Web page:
This agenda grew in dimension and scope by way of carefully crafted stories of herdsmen attacks to justify the mass targeting of the Fulani and leading to stereotyping, stigmatisation and paving the way for the forceful expulsion from states in other parts of the country.
This is why such an expulsion order from Akerodolu and his ilk does not attempt to draw distinctions between the Fulani as a race, or cattle herding as an occupation, from criminality.
It does not matter to them that most Fulani are not cattle herders or that although most cattle herders in Nigeria are Fulani, others are not; or that just because some herdsmen commit crimes does not make all cattle herders criminals.
They deliberately refuse to recognise that the vast majority of the Fulani – including those who are cattle herders , are peaceful everyday people with the same needs, anxieties, and hopes as the rest of Nigerians.
In doing so, consciousness appears to be eroding that for decades, different tribes in Nigeria have been accommodated and tolerated in other parts of the country without their hosts enacting discriminatory policies specifically to intimidate, harass and endanger them, their families, their properties, or their trades.
This is even after hard evidence shows how some of these people who are comfortably accommodated by the North take undue advantage of the region’s tolerant culture to pursue illicit trades that include introduction and promotion of the mass supply and spread of hard drugs, fake drugs and other harmful substances that are threatening the lives of people in the North and crippling the potential of the younger generation.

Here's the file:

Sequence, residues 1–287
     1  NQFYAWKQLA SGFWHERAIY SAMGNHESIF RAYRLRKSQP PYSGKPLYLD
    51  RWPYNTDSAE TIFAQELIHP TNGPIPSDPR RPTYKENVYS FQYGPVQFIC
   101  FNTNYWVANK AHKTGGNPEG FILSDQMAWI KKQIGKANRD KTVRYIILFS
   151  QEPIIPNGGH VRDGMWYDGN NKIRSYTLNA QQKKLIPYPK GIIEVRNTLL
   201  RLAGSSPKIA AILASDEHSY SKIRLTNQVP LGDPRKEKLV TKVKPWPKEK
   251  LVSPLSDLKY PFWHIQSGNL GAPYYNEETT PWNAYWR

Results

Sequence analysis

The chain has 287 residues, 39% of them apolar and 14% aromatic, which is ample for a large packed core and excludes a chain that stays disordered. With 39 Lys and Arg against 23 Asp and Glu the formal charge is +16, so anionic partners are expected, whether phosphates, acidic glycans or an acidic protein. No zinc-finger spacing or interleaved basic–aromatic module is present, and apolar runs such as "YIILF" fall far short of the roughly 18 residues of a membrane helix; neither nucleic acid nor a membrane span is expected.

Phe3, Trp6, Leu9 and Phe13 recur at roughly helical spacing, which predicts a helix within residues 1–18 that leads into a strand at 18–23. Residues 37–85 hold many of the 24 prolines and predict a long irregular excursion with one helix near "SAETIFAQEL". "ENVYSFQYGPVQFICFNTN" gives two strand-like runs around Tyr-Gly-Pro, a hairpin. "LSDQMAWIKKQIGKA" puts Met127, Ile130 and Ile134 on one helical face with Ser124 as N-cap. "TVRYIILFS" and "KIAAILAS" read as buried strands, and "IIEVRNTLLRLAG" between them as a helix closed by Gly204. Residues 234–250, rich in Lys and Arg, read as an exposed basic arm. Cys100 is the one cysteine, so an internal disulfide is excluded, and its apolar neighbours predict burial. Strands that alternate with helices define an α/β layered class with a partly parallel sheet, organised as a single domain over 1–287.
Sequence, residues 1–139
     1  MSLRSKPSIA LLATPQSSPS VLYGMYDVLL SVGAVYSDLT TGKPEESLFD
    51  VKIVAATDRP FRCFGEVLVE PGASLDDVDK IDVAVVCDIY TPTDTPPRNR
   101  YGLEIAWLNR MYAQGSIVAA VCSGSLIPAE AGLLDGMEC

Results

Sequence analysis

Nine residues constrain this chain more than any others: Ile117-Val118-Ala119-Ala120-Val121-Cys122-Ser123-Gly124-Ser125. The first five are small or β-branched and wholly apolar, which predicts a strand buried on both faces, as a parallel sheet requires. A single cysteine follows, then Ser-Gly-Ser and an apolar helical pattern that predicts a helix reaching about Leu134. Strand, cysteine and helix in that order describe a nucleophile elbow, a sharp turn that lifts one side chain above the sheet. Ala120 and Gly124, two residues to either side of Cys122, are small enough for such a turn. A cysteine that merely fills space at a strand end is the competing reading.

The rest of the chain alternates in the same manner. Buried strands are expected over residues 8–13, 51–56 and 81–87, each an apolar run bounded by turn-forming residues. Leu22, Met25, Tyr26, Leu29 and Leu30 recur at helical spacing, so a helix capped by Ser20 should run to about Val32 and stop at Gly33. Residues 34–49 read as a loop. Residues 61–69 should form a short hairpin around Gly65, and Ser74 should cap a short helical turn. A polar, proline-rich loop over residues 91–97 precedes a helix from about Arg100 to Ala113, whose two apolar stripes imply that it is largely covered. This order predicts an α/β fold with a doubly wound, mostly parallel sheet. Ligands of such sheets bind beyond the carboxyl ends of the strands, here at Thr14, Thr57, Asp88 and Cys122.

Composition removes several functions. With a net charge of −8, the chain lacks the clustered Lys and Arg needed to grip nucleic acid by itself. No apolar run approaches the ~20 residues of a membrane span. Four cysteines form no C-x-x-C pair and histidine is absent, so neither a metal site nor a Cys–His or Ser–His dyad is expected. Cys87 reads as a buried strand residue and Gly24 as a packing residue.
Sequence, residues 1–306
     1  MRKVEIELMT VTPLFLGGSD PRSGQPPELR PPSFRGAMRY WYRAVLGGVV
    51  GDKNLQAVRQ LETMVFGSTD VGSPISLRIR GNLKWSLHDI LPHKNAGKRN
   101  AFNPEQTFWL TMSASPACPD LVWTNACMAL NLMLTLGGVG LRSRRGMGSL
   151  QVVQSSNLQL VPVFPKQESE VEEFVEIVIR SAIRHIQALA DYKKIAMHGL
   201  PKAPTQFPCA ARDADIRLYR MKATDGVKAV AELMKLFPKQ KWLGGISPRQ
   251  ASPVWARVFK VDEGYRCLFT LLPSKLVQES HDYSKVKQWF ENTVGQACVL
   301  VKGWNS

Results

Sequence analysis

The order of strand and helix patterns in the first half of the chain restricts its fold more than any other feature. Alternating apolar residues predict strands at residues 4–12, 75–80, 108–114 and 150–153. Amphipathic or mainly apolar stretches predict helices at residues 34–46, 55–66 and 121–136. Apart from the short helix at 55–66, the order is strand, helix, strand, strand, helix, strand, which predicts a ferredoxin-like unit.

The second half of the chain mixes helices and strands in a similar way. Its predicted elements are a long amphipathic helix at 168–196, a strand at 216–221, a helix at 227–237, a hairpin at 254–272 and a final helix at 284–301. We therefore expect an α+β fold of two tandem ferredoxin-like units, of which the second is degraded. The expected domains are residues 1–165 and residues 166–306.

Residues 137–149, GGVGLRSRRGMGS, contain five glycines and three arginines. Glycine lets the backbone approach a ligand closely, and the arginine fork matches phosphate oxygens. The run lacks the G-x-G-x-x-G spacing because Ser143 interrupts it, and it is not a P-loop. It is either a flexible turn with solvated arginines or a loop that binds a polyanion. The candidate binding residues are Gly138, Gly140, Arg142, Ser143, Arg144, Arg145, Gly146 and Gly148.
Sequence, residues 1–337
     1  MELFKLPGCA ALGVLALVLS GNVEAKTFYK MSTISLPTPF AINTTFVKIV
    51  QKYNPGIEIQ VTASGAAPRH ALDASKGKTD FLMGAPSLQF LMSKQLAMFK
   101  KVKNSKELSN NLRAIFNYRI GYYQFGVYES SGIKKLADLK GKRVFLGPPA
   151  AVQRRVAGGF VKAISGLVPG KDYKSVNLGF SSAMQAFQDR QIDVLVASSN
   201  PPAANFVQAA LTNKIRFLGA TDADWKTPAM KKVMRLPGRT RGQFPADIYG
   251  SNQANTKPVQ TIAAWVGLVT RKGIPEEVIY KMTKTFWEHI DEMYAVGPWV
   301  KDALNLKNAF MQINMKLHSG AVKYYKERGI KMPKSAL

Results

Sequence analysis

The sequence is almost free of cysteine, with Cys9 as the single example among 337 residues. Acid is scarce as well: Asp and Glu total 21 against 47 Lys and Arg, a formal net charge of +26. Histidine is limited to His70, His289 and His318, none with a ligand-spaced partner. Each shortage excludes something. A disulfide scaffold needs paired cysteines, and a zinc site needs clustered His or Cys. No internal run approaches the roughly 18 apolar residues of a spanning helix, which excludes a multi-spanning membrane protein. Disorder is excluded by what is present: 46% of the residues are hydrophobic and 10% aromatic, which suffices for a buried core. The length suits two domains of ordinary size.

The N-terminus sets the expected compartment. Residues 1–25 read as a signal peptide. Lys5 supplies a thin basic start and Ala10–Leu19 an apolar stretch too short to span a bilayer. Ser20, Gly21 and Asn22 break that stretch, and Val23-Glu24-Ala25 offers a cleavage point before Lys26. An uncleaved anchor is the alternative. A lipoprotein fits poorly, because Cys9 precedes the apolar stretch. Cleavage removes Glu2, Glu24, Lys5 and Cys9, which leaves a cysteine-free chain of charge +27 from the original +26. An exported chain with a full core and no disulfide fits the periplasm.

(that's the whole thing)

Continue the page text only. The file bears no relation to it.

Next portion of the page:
Despite these realities, no attempt has ever been made by the North to discriminate or label any people beyond seeking solutions through legitimate and civil interventions.
This is notwithstanding glaring pieces of evidence of the notoriety of these settlers in the perpetration, commission, spread and promotion of various crimes and anti-social behaviours within the communities of the North.
Don’t you think the state decided to safeguard its people against an imminent replication of the spectacles in Katsina, Kaduna, Zamfara, Niger and other northern states being terrorised by bandits?
To base the expulsion of an entire ethnic group that has lived its entire life at a certain place on such an excuse is not realistic. There are criminals in every community. Even the incidences in parts of the North cannot be entirely blamed on a particular ethnic group. A certain group may be directly involved in the commission of certain offences but is being complemented by other groups through the supply of arms, drugs and so on. It is something of a matrix, a syndicate.
This cannot in any way justify the vilification of one ethnic and religious group or the other for whatever reason which is why we deem the targeting of the entire Fulani in Ondo for vilification, systematic dehumanisation, profiling, alienation, or any action that will render them objects of attack and persecution, not only immoral and illegal but also abhorrent to our sensibilities and ordinary decency and therefore unacceptable.